The Dust Bowl - Eyewitnesses
The Dust Bowl - Legacy
Subtitles (SDH) in English
Descriptive Video for the Visually Impaired in English (DVI)
Subtitles (SDH) in Spanish
Spanish Audio Track
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THE DUST BOWL A FILM BY KEN BURNS is excellent in every way. I describe here only disc one. Disc one discloses the cause of the Dust Bowl. I was very pleased to see that the disc took care to describe the MULTIPLE CAUSES of the disaster known as the Dust Bowl. These include: (1) Naturally-occurring changes in the climate in the Oklahoma area, that is, from wet to dry; (2) The fact the dry climate lasted an unexpectedly long time; (3) The fact that charlatans tricked settlers to move to Oklahoma, with promises that the area had was excellent for agriculture and was a well-forested area where in fact, the area was bare of trees; (4) The fact that Oklahoma farmers switched from an old-fashioned plow that prevented soil from blowing away to a new-style plow that encouraged soil to blow away; (5) The fact that initial harvests of wheat were abundant, stimulated farmers to plow up even more land; (6) The fact that The Great Depression resulted in loss of customers, and forced wheat prices to a tiny fraction of the usual price; (7) Also, we learn that another contributor to the Dust Bowl was World War I, which cut off wheat supplies from Russia, and a consequent increase in wheat prices, and resulted in a huge increase in plowing up the land in Oklahoma. Regarding the second disc, I will only disclose that we learn that Dust Bowl refugees settling in California were treated like second-rate citizens. I recommend buying the very excellent book, CHILDREN OF THE DUST BOWL, which does a great job at explaining the life of Dust Bowl victims and the lives of settlers in California.
Disc One begins with rumbling sounds, and sounds of wind. We see several seconds of motion-picture footage of mountains of black clouds, sand rushing over bare ground, and a mother lifting a child and racing indoors to get away from a dust storm. Then, come color videos of old people (children of Dust Bowl survivors) making remarks such as, "It would blister your face, it woud put your eyes out . . . steady blow of dirt." Another old lady says, "It carried with it a feeling of. I don't known the word for it exactly . . . of being unreal but almost being evil." A middle aged narrator reads: "It was a decade long natural tragecy of Biblical proportions. Pillars of dust choked out the midday sun."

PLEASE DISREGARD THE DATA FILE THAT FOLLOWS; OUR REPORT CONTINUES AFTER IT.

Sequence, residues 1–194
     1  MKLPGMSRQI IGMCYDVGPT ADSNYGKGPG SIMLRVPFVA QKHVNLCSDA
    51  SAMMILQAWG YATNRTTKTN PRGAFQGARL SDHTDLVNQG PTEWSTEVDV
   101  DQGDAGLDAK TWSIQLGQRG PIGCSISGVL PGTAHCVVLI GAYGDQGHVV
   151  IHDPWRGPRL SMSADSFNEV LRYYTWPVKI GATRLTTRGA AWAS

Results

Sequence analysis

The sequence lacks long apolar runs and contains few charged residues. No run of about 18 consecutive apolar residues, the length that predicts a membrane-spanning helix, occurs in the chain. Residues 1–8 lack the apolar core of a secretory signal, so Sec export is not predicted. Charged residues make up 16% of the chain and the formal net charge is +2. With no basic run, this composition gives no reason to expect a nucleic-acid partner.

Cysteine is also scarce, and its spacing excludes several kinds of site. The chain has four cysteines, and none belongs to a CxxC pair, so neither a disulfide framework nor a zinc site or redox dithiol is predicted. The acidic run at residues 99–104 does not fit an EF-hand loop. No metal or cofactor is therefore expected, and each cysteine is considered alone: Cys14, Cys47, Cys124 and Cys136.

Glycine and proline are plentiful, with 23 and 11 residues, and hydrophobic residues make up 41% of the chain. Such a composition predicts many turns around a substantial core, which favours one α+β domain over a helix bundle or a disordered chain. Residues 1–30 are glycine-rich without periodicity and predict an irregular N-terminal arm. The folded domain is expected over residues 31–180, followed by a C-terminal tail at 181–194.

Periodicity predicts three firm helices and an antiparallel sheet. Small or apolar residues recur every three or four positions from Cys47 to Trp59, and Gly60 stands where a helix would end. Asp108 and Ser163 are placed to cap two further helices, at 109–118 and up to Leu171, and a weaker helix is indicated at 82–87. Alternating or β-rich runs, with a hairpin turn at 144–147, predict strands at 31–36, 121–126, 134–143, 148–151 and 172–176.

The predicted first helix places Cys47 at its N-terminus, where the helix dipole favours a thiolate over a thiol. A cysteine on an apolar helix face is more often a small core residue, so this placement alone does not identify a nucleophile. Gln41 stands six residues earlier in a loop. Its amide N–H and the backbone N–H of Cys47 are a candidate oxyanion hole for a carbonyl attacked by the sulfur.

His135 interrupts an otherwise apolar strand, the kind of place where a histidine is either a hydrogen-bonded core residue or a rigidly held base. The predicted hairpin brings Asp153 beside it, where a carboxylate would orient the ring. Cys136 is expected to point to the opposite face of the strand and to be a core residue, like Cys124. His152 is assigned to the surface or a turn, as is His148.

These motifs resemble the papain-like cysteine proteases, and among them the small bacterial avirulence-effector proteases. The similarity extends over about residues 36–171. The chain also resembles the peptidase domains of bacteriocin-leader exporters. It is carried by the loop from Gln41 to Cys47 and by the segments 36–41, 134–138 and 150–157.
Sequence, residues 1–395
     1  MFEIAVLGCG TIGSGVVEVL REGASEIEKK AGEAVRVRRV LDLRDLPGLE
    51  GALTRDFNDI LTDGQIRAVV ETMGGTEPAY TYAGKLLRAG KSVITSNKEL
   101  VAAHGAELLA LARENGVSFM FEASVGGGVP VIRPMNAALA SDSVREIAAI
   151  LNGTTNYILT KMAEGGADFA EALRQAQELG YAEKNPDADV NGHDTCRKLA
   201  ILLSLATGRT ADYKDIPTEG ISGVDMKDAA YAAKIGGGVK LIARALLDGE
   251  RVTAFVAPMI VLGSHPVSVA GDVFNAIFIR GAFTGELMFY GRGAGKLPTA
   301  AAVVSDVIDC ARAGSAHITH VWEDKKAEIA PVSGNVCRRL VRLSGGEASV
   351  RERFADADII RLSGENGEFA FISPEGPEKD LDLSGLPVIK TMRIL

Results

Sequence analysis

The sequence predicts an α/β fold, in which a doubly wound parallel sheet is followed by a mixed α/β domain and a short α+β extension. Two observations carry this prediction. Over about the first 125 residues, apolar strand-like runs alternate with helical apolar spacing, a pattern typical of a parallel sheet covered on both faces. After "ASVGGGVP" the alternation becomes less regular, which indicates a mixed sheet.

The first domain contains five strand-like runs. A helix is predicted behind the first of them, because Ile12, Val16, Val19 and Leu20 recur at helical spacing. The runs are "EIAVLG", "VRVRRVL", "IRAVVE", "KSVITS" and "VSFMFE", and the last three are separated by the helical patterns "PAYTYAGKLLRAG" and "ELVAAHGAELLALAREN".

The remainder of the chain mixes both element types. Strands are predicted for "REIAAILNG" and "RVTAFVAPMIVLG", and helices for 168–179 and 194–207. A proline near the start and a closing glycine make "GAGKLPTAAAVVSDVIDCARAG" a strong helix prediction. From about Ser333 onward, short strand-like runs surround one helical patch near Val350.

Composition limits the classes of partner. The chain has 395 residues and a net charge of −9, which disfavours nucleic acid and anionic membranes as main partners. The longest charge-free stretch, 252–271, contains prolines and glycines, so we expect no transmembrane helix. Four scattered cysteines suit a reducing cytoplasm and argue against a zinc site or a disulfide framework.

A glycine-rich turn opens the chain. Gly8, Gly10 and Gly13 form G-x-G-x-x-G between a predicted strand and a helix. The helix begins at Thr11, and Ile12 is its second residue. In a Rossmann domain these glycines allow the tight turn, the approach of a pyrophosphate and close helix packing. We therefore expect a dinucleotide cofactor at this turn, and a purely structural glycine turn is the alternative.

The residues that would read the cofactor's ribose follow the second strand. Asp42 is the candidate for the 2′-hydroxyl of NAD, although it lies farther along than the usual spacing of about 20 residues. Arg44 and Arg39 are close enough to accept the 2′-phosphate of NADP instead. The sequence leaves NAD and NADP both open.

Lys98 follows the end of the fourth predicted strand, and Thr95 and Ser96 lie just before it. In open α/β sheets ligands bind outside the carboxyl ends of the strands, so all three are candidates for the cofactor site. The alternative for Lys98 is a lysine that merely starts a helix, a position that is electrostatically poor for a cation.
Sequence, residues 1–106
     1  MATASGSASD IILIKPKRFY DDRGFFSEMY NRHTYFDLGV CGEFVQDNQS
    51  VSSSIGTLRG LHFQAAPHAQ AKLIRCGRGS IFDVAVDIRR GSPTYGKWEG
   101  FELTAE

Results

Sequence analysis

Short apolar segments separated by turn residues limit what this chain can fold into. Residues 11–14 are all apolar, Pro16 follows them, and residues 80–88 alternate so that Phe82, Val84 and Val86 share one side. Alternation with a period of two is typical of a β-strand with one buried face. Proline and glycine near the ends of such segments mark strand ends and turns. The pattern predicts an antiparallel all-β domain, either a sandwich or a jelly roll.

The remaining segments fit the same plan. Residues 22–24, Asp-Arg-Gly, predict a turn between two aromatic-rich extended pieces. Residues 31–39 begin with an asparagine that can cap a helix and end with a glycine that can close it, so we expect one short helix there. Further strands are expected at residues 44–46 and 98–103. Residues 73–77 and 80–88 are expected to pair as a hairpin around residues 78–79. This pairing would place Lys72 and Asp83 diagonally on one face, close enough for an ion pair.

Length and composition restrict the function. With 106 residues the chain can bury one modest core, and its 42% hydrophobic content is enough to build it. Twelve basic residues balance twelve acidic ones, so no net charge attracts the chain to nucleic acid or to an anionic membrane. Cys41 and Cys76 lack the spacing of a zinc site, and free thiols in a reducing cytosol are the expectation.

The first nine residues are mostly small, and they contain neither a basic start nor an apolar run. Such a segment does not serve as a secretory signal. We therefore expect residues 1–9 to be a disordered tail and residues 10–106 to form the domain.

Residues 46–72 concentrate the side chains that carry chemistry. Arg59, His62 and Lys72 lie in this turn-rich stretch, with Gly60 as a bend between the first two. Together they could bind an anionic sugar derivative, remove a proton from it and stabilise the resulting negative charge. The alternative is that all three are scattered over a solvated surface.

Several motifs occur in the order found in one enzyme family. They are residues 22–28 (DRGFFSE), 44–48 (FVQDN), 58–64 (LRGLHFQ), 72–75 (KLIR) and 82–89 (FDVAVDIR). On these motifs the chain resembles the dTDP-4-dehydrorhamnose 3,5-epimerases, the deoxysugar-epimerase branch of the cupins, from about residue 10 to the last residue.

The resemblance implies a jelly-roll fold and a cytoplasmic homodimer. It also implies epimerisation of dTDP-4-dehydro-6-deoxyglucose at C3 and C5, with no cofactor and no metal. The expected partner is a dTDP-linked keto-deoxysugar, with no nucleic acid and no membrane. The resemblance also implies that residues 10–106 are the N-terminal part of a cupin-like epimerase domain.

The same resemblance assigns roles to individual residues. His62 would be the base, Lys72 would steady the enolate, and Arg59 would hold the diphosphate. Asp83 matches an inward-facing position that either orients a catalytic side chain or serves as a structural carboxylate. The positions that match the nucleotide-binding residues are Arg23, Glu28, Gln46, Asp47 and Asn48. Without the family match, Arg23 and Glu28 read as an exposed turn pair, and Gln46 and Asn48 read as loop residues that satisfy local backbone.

At 5 minutes into Disc One, we see video of a lady sweeping piles of sand out of her house, and the narrator says, "But it is also a story of historic perseverance." At 10 minutes, we see a map showing the midwest states in the U.S. (Oklahoma, Kansas, Nebraska, etc.). We learn about the short grasses forming, "tangled roots 5 feet below the ground forming dense sod that could withstand the region's periodic draughts," and we learn the fact the the digging up of all of these tangled roots (of buffalo grass) contributed to the weakening of the soil, and to the loss of billions of tons of topsoil during the Dust Bowl. The narrator tells us that, "homesteaders can next, swarming onto the once considered unsuitable for crops because it had less than 20 inches of rain per year, unscrupulous promoters that promised that the very act of farming would increase the precipitation." The narrator continues, "the severe drought of the 1890s proved them wrong." (Here, we learn that long before the Dust Bowl, Oklahoma was already prone to severe droughts.) Then, we learn about Congress opening up new land, and that desperate Europeans settled there. The narrator tells us that the Oklahoma panhandle was the riskiest agricultural land in the US. At 13-minutes into Disc One, the narrator makes clear that a common expression in Oklahoma was, "IF IT RAINS." The narrator adds that if it did not rain, then people would be known as, "NEXT YEAR PEOPLE" because of their continuing hope that the rain situation would be better the next year.